I think I put too much pressure on coffee. And candles. And seasonal change. To heal all the wrongs of this mamma life. To season the injustice of short naps, bind up the brokenness of breakfast mess, and cover over a multitude of ‘tudes before lunch time.
Each dark morning, when my ears are assaulted by the “moooooomma” battle cry, my hope lies with the coffee pot! It can restore life to these dry bones! Hallelujah.
I prepare it like a holy ritual.
Before I drink it, there is only grace.
Aches? Coffee heals all ills.
Disorder? First the coffee, then the problems.
War zone? But I will soon be held in the warm embrace of a hand made mug of black liquid… and it loves me. It doesn’t shout. It is constant and predictable.
I am morning-sad by nature. Especially if it’s still dark outside when I open my eyes. Which it usually is in the winter. “But there is coffee to look forward to,” I tenderly tell myself to coax cozy feet toward cold floor.
And then after the first cup, I’m usually disappointed.
After the second, I’m impatient.
It’s less glamorous than I told myself it would be.
So I light the candles. They help. But they don’t do the dishes.
I open the windows to Fall. The crisp air-kisses sooth all my curmudgeon-y places. But it doesn’t fill the oatmeal bowls, mop up the spilled milk, or answer the 20 million questions about nothingness.
And I’m still tired. In a deeper-than-caffine kind of way.
And it occurs to me that maybe the big lesson here is that our tired places don’t really need healing? That they’re healing us, instead. That this dull imperfection, this mundane and mind-numbing place, is not to be remedied, but to provide some deep and profound remedy to my own soul.
Is it possible that our tired places are whispering, “Stop chasing paradise, precious dreamer.” Inviting us to lower our eyes from distant horizons where all is productive, peaceful, and perfect. To look at the horizons in our hands. To find beauty in raisins, instant oatmeal, and Almond milk.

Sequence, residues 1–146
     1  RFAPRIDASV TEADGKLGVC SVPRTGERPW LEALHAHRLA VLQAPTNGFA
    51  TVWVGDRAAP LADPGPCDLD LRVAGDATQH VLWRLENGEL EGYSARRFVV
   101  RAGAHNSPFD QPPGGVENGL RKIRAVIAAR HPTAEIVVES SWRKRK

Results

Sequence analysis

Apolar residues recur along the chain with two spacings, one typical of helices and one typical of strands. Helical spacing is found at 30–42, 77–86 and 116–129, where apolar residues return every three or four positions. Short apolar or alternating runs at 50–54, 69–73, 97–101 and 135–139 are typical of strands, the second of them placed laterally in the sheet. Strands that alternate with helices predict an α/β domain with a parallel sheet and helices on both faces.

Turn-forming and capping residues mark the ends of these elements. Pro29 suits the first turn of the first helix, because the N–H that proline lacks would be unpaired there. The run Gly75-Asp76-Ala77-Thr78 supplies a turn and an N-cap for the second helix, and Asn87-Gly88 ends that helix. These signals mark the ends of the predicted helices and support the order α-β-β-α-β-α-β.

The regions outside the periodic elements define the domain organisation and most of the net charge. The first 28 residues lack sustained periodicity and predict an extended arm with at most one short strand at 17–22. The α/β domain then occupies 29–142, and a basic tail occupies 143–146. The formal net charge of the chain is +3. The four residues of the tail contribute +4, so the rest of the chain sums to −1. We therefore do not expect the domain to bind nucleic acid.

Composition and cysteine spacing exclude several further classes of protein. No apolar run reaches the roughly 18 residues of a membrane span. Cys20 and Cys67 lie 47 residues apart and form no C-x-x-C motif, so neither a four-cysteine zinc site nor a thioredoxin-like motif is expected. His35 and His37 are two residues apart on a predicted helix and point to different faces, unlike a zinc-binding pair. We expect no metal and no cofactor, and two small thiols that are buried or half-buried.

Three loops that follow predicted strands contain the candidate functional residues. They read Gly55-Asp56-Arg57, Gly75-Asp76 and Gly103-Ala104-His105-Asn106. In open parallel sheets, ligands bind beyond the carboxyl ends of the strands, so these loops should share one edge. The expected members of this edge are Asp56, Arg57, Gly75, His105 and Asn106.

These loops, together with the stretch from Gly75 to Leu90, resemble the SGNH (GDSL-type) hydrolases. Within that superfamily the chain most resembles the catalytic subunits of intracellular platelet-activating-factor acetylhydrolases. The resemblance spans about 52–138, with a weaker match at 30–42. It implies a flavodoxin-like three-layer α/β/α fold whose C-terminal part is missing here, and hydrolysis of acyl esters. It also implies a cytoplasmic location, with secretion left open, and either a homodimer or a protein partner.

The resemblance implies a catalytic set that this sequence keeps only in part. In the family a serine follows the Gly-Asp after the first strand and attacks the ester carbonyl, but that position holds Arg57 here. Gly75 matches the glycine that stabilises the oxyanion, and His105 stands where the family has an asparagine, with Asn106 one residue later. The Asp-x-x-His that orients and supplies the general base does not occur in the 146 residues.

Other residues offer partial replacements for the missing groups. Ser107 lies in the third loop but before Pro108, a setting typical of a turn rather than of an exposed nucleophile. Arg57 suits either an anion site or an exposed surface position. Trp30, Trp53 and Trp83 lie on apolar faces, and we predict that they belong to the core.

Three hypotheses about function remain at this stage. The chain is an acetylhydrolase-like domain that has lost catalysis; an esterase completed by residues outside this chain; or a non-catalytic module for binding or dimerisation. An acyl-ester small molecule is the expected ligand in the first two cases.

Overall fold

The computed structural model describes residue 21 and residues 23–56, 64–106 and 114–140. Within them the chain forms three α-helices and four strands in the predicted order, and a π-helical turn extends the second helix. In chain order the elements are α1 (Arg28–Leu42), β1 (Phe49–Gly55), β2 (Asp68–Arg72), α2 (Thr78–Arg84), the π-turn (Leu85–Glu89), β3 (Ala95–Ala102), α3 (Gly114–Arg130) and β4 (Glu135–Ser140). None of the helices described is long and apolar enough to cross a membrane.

I think I put too much pressure on each day. To yield not only safety and sustenance, but deep satisfaction, profound spirituality… not to mention serendipity, sex, and surprises.
I think I need to lower my standards.
I think I need to talk with Tired instead of always doing battle with it.
Maybe it’s not right to say we’re lowering our standards?
Maybe we’re raising our thankfulnessability?
Maybe it’s not right to say we’re settling for less? I like to think we’re settling in to more.
It’s definitely not right to think we’re letting ourselves down. Oh dear ones. Not at all. I really don’t think we are. Let’s let the mamma guilt go. We are leaning into loving the right now. And then we’re forgetting to lean in… and then we’re remembering and forgiving ourselves and leaning in all over again.
Thank you coffee… for being enough, but not magic. For walking with me through the valley of the shadow of Matchbox Cars and Potty Training… but for not being so awesome that I skip over the silly little engine noises they make with their mouths… and the funny little faces they make when they’re concentrating so hard on poop.
Candles… remind me with your bright little spots in the chaos, that there is Spirit Stuff everywhere and eleventy-zillion precious moments to notice.
Fall… Take my children’s crazy outside, for the love of all that is holy, because Hand To Heaven my sanity is thin today. Thanks. You’re a good friend.
Today, I surrender Paradise. Even Paradise in a mug. I surrender Perfection, with all it’s pressures. I take Tired. I accept it for what it is. Tired with more Thankfulnessability.